Step 4: Molding and Painting

Picture of Molding and Painting

Early in the morning I cut and painted all my molding. As a side note my molding was very thin so I used small nails to attach with a nail gun, I didn't want to make too many holes so I went every 12inches or so but needed to go back a week later and add more (every 6inches) because it felt a little loose. I packed in as much grout as possible and still have some leftover for future repairs if need. I then painted for about 3hrs straight (I am a little finicky with the paint strokes but it really wasn't necessary on this project since the rugged look was what I was going for) and it only needed one coat to get the color and look I wanted. I used only half a gallon of the deck stain so I have been using the leftover for other projects and eventually want to make a small cabinet for another outdoor area using the extra pallet and tile I have in my garage now. The next morning my project was finished but my obsessiveness with poly wouldn't be quelled until I did one quick coat. I love poly and had an extra small can from another project and used the whole thing applying with a ripped up shirt, basically the only way I use it. I did the whole bar in less than an hour. We weren't able to place any bottles on the shelves until the next day but we were able to enjoy mimosas on the bar top of our new bar to celebrate Fathers Day! Thanks for checking out my pallet bar!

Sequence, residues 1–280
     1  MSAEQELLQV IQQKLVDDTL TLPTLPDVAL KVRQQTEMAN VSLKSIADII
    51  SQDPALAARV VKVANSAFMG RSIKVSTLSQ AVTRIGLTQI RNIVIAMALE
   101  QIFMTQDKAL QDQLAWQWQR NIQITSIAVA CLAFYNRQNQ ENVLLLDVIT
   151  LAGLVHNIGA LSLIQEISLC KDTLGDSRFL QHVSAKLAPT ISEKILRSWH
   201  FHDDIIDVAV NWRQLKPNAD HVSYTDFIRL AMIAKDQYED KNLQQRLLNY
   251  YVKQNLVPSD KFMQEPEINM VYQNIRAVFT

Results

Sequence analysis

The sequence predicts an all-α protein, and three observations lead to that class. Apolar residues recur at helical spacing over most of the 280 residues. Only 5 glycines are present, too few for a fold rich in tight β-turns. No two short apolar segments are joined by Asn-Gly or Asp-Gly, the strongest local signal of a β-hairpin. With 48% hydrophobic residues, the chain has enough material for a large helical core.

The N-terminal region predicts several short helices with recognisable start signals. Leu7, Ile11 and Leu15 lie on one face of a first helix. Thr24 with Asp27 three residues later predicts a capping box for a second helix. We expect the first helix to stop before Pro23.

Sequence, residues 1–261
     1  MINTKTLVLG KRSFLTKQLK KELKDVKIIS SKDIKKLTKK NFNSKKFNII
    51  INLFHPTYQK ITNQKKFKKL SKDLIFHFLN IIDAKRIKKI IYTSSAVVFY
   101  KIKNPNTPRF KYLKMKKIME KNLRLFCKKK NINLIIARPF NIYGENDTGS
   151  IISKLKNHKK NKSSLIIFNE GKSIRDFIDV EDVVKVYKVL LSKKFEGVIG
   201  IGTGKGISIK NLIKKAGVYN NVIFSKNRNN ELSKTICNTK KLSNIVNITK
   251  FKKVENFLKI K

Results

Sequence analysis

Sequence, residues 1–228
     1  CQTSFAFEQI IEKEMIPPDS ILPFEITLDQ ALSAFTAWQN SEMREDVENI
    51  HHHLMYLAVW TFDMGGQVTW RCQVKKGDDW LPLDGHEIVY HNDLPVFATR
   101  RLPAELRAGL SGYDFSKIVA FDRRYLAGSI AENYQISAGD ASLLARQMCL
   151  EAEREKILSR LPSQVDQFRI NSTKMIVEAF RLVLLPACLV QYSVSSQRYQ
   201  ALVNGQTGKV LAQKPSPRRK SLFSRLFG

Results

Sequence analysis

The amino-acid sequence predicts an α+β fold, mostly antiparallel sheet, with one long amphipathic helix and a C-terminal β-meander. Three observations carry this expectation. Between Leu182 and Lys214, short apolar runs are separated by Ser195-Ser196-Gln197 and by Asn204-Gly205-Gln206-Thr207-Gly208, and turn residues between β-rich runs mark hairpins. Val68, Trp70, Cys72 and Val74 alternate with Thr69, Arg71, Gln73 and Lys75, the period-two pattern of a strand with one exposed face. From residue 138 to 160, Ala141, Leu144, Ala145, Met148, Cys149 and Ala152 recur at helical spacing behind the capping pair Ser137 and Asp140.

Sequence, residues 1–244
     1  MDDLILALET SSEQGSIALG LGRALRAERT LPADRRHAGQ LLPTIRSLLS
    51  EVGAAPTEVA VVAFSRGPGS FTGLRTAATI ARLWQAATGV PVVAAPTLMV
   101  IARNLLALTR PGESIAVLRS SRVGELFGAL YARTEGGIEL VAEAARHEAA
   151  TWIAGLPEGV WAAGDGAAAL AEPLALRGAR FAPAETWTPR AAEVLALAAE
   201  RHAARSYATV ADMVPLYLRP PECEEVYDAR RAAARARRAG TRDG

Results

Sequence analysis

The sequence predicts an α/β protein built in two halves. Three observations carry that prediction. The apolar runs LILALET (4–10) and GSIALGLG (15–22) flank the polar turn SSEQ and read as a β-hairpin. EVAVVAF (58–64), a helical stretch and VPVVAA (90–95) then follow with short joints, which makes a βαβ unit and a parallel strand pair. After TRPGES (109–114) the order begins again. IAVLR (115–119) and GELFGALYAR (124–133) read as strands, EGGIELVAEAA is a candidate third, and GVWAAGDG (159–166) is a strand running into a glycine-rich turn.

Comments

gwenzelow (author)2016-08-09

Good job I love the shelves I just got a couple of pallets will get started soon would like to use some tiles for the counter top and also poles with the tiki straw on top

davecle (author)2015-09-08

Nice work! I understand you had a limited time window to get it done. Myself, I prefer the natural look of wood and would have used the vinegar and steel wool technique for a stain and then polyurethane with a final coat of furniture wax on the wood. But that is just me. Enjoy your project!

mperkins433 (author)davecle2016-05-11

Thank you! I like the feedback and I do plan on going back over with a different color to make it more industrial bar like. Im hoping to put it inside a small shed like structure to have an actual bar to walk into off the pool.

ConnieP27 (author)2016-05-09

Do you ever make these for other people?

mperkins433 (author)ConnieP272016-05-11

I have considered it but the issue would be getting it from my house to theirs.

MrEnvironment (author)2014-12-19

Very cool. Good work!